Take the survey

A Better Way, Please

Last week I tried to connect my accounts at two different banks. Between account type mismatches (my bad), long account numbers, ACH micro-deposits, and balky websites, well, I’ll confess I put a check in the mail as a “quicker” way of overcoming the electronic barriers. Snail mail. Really?

That situation, and many more where speed matters, is exactly why the world is turning to faster payment systems that allow the accountholder to push money from an account she controls to a recipient in near real-time. To eliminate entry, and sharing, of bank routing and recipient account numbers, today’s faster payments systems are often enhanced by a directory that maps the recipient’s name to a mobile number or email address. The director connects those to the underlying bank account.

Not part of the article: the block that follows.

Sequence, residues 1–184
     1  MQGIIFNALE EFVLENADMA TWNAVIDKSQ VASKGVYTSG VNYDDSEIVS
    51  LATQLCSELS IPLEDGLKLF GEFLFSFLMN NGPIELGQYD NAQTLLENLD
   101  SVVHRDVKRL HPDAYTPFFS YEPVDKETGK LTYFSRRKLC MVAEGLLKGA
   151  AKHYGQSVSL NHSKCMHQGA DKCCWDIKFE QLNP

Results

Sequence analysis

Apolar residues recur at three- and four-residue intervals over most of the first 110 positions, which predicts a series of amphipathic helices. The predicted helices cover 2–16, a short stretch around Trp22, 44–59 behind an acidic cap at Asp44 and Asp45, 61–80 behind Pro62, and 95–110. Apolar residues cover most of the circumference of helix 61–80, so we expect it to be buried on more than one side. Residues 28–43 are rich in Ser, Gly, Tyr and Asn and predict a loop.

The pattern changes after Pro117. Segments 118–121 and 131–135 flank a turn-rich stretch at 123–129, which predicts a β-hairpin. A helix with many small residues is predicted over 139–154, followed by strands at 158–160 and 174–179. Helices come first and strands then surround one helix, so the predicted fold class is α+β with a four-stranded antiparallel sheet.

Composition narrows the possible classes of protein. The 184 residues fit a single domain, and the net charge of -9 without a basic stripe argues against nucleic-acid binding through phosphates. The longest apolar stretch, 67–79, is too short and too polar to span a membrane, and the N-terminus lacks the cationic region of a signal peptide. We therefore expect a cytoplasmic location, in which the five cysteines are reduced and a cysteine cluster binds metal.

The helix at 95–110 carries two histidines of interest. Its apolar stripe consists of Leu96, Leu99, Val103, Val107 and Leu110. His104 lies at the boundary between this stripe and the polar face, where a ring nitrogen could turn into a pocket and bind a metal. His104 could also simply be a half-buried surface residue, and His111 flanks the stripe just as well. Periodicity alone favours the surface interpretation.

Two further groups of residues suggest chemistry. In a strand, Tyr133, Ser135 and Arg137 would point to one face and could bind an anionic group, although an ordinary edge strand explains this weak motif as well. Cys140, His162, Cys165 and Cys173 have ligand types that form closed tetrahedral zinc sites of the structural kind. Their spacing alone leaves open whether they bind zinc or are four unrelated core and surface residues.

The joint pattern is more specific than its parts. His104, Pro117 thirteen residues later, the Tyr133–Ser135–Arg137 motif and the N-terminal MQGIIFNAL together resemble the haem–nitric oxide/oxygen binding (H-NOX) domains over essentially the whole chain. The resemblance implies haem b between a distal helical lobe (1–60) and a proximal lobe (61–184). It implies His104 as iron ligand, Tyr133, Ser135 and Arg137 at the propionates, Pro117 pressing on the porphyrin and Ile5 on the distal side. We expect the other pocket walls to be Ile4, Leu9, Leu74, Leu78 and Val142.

This is great stuff, especially for the United States where so many push payment methods exist based on closed loop or incumbent payment rails. The U.S. now has providers like Venmo using balance transfers and card rails (Visa Direct, Mastercard Send) to make realtime P2P transfers workable. NACHA has sped up the automated clearinghouse (ACH) system to run batches a few times a day to accomplish its Same Day ACH service.

We have Zelle, the P2P service stood up by Early Warning Services,  that combines a directory with immediate funds transfer availability for the recipient and interbank settlement running over, yet again, an incumbent payment system, in this case the ACH.